Given the experience gained by previous studies (particularly according to that of Feugier et al [32]), the sample size was calculated on the basis of the primary end point (EFS) to detect a difference of 15% at 24 months. Enrollment will take place for 36 months and follow-up for 60 months; thus, a significance level of 5% (2-sided) and power of 80% are required. Using the function plansurvct.func from the gsDesign (GNU General Public License) package of the R software and by planning an interim analysis at 50% of the event using DeMets–Lan and O’Brien–Fleming boundaries, we found it will be necessary to include 170 patients (85 per group) to obtain 114 events for the final analysis [33]. Moreover, considering that 10% of the patients could be lost during follow-up, we will need to enroll 93 patients per group (ie, 186 patients in total).

To be able to determine as quickly as possible whether the incorporation of APA into the follow-up of older adult patients with DLBCL improves EFS, we plan to perform an interim analysis that is scheduled to take place according to the DeMets–Lan limit at 50% of events [34]. To determine the number of patients needed to verify our hypothesis, we will ensure conforming to the following:

where λE and λc are the hazard ratios for the APA (investigational) and usual care (control) groups, respectively. By setting the risk for wrongly rejecting the “null hypothesis” at 5% during the final analysis and the power at 80% (ie, 20% of risk for wrongly concluding that there is “no difference”), inclusions will be considered over 36 months. If H0 is not retained (P<.003), then we will conclude that APA produces a significant benefit for patients with DLBCL. In contrast, if H0 is not rejected (P>.003), then the study will be continued to provide us with all the required events necessary to obtain a definitive conclusion. The 1:1 randomization will be carried out following minimization with stratification on the center, age, sex, and comorbidities. The randomization will be performed by the investigator directly via the e-Case Report Form developed by the Ennov Clinical software.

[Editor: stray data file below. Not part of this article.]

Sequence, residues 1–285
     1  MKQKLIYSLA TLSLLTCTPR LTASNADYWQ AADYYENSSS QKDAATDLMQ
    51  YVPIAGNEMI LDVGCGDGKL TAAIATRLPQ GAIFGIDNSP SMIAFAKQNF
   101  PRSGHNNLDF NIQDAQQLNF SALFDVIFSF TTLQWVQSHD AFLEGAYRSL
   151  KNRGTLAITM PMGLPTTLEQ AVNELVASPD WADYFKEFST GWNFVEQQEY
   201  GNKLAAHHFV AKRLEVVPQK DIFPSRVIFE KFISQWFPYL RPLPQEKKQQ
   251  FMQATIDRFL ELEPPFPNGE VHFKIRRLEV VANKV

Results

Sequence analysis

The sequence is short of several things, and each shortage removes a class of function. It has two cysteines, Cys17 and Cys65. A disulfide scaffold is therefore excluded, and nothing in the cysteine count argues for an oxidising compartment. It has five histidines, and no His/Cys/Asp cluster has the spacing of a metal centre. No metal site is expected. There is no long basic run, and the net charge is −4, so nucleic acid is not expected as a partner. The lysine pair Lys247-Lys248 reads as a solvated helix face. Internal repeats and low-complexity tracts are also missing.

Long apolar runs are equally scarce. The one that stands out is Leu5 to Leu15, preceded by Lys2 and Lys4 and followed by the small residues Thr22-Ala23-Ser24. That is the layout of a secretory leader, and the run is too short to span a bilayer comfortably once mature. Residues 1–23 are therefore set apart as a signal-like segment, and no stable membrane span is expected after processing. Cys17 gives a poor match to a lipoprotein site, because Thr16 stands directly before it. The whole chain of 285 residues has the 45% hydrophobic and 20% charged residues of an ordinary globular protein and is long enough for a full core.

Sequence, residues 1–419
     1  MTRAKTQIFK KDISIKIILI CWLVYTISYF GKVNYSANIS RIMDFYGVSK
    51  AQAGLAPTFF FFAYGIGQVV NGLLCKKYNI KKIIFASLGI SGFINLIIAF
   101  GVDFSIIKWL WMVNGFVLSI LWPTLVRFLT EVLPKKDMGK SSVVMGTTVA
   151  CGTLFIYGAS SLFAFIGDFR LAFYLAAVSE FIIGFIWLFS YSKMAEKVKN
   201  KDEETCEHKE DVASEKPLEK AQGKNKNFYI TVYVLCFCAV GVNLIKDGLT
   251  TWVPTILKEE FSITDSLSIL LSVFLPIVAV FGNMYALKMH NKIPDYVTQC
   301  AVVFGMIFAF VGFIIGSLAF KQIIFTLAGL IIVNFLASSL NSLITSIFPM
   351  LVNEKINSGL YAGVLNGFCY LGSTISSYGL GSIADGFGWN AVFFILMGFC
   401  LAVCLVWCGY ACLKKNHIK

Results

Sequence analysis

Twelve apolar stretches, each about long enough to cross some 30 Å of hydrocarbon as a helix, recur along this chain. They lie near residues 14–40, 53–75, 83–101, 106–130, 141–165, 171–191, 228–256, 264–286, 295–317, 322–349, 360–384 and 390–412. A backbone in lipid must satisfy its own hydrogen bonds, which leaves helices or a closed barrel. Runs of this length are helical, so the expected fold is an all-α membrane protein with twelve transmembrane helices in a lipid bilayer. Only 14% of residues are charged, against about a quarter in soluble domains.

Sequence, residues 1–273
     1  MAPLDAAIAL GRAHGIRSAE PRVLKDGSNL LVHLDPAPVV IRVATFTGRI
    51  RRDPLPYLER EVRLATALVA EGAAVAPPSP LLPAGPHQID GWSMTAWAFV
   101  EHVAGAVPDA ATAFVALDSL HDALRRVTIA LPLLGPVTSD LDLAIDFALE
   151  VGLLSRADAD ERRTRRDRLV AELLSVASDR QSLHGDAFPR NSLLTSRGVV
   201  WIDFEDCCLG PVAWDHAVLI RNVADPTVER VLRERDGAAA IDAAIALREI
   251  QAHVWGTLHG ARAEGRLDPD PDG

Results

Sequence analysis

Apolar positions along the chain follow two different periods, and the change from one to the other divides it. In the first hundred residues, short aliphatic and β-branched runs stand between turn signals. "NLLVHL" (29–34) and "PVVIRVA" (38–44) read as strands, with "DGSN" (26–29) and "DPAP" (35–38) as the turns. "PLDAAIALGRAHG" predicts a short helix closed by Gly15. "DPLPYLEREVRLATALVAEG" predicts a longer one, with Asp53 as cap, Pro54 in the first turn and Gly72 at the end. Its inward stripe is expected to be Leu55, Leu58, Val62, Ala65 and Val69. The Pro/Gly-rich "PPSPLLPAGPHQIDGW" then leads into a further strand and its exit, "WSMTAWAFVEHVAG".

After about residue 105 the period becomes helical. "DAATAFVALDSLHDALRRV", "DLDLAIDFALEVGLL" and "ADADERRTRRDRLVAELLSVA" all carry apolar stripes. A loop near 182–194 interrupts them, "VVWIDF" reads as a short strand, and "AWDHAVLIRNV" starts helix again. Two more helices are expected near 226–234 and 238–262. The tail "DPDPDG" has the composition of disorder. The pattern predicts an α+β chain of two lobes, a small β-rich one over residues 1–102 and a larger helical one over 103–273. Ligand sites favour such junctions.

Primary and Secondary End Points

The primary objective of this study is to evaluate the effect of R-CHOP treatment combined with APA on EFS. EFS is defined as the time between the inclusion of patients and the date of the first event, such as relapse, infection, thrombosis, progression, or death, reported. The secondary objectives are to evaluate the compliance of the patients with the APA sessions and to quantify the overall physical activity load (in terms of volume and intensity) per patient and per session, overall survival, PFS, prevalence of complications (febrile neutropenia, anemia or thrombocytopenia requiring transfusion, infections, and venous or arterial thrombosis), prevalence of sarcopenia and nutritional disorders, patients’ quality of life, and cost of the required hospitalization.